Total Addiction: The life of an eclipse chaser

By Kate Russo Reviewed by John Chuter
Springer 2012193 pages
Price £16.54 (pbk)ISBN:978-3642304804


Dr Kate Russo is a clinical psychologist by training and profession and an ‘eclipse chaser’ by emotional inclination. This book is not a scientific treatise on eclipses but rather the author’s, and others’, reactions to going to and watching those few minutes of totality.

Aware from an early age of the beauty of a total eclipse, her actual first eclipse experience was in France in 1999. She really did see it, unlike a lot of us in Cornwall at the time. The genesis of the book arises from a life-threatening illness to her partner, which brought home the fact that life is precious and memories should be sought and then cherished.

The book includes a bibliography and a short index. There are colour pictures and diagrams throughout. Some of the pictures are quite dark but this does not detract from the narrative.

The clue, which is not always the case, is in the title of the book as to what is found within. Many readers of this review will have been to see a total eclipse and will completely empathise with the contents. The author manages to convey the utter glory of being in the path of totality for both herself and other eclipse chasers. I have no doubt that there will be some readers of this review who could actually be mentioned in this book.

There are accurate descriptions of how and why eclipses occur and the dates of future eclipses, but the primary appeal of the book is the fact that it is written by someone who understands the human psyche, being a professional psychologist, and is also a fervent eclipse chaser.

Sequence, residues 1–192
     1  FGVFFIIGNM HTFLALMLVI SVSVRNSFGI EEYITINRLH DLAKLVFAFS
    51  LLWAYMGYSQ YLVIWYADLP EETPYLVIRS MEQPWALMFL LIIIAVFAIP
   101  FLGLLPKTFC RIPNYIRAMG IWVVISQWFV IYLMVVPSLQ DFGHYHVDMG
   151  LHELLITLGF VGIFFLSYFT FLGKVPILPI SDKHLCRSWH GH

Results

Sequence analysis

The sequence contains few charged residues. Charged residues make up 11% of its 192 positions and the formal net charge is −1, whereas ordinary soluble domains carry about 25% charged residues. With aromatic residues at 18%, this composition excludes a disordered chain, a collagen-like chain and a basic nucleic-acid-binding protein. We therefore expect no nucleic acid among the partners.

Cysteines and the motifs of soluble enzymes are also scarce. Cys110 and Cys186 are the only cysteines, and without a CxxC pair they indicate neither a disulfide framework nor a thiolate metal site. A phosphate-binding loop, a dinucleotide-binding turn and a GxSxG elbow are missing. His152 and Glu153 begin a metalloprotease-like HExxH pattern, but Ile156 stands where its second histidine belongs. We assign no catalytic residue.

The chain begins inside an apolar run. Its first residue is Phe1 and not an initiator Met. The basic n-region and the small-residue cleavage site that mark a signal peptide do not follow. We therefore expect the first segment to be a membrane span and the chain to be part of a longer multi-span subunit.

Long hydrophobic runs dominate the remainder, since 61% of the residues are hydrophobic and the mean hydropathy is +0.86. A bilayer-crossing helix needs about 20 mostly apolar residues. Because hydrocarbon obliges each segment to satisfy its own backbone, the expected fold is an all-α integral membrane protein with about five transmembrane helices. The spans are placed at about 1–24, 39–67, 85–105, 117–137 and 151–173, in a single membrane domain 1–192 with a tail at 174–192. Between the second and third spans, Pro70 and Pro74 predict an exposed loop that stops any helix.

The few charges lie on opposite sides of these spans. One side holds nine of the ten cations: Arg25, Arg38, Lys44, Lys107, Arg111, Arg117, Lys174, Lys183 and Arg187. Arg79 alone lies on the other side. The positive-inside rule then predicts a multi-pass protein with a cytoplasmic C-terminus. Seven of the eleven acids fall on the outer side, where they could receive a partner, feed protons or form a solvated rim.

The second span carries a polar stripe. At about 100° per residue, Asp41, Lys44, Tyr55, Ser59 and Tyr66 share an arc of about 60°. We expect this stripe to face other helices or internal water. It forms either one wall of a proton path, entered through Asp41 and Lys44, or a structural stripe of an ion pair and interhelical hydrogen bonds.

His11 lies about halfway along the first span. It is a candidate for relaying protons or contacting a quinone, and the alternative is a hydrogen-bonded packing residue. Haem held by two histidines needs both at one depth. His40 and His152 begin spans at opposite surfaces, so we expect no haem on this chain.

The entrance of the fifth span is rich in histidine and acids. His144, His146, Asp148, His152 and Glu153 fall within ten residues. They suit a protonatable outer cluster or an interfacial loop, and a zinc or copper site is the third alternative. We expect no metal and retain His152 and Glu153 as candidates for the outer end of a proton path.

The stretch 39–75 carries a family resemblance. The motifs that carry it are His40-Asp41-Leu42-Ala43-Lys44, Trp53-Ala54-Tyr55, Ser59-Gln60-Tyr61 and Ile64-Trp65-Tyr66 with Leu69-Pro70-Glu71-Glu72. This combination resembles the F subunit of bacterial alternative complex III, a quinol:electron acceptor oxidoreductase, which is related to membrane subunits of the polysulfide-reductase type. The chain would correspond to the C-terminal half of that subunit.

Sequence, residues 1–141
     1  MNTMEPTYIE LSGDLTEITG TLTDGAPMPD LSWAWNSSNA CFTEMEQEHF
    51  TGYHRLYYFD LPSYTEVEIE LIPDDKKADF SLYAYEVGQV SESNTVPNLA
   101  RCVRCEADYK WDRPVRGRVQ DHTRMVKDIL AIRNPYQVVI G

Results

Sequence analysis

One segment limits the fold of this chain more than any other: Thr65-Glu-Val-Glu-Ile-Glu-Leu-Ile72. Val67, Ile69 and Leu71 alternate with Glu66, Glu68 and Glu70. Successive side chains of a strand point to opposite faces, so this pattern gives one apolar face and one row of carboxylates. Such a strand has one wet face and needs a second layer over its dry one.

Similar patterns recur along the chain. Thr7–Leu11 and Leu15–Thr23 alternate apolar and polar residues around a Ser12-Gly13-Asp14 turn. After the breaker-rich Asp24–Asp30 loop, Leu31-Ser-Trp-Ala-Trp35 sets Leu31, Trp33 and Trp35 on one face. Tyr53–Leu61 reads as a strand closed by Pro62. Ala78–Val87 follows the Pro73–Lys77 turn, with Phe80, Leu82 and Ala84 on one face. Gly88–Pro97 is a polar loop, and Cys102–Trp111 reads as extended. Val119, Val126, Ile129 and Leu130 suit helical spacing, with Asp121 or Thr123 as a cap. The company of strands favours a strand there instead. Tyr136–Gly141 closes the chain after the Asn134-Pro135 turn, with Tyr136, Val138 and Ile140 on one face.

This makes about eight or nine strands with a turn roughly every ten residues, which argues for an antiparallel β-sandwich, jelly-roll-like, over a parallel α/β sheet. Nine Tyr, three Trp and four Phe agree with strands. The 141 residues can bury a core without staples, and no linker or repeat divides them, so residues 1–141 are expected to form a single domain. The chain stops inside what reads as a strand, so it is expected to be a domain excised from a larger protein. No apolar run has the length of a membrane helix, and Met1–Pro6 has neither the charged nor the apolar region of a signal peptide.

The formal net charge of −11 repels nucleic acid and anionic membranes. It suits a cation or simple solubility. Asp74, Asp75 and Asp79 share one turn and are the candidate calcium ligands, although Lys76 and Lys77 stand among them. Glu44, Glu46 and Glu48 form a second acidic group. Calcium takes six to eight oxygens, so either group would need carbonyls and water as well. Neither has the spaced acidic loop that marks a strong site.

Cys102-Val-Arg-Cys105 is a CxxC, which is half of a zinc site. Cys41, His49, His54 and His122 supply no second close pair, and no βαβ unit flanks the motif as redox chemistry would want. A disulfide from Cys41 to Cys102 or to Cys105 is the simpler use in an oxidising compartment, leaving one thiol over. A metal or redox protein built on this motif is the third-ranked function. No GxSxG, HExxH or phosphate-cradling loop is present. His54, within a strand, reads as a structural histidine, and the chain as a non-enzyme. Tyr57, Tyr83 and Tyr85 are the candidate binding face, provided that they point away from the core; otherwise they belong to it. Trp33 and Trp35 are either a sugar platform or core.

I am happy to recommend the book to members of the BAA. I have seen several total eclipses and understand completely why the author feels the way she does. If you, as I do, find people who do not seem to understand when you try to explain, I suggest you buy this and read passages from it. Dava Sobel, of Longitude fame to name one of her books, describes her first eclipse experience in this book, that of July 1991, the ‘eclipse of the century’. The final paragraph of her piece reads:

‘As for me, I have come away with a new insight. I’d always envisioned the total solar eclipse as a once-in-a-lifetime experience. You’re not quite complete until you have seen one, but after you do, you move on to other things… Now, I know the truth: the first eclipse merely whets the appetite for the next.’

The British Astronomical Association supports amateur astronomers around the UK and the rest of the world. Find out more about the BAA or join us.